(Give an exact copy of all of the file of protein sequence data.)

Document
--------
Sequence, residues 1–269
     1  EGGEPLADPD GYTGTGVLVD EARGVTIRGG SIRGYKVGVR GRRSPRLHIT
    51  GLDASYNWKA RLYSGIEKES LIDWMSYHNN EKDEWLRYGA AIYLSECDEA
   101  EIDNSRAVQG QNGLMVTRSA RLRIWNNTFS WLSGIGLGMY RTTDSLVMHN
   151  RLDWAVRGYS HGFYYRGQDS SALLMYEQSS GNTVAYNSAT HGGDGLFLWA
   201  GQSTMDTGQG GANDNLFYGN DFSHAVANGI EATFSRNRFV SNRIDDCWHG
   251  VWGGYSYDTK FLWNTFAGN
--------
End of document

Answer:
Sequence, residues 1–269
     1  EGGEPLADPD GYTGTGVLVD EARGVTIRGG SIRGYKVGVR GRRSPRLHIT
    51  GLDASYNWKA RLYSGIEKES LIDWMSYHNN EKDEWLRYGA AIYLSECDEA
   101  EIDNSRAVQG QNGLMVTRSA RLRIWNNTFS WLSGIGLGMY RTTDSLVMHN
   151  RLDWAVRGYS HGFYYRGQDS SALLMYEQSS GNTVAYNSAT HGGDGLFLWA
   201  GQSTMDTGQG GANDNLFYGN DFSHAVANGI EATFSRNRFV SNRIDDCWHG
   251  VWGGYSYDTK FLWNTFAGN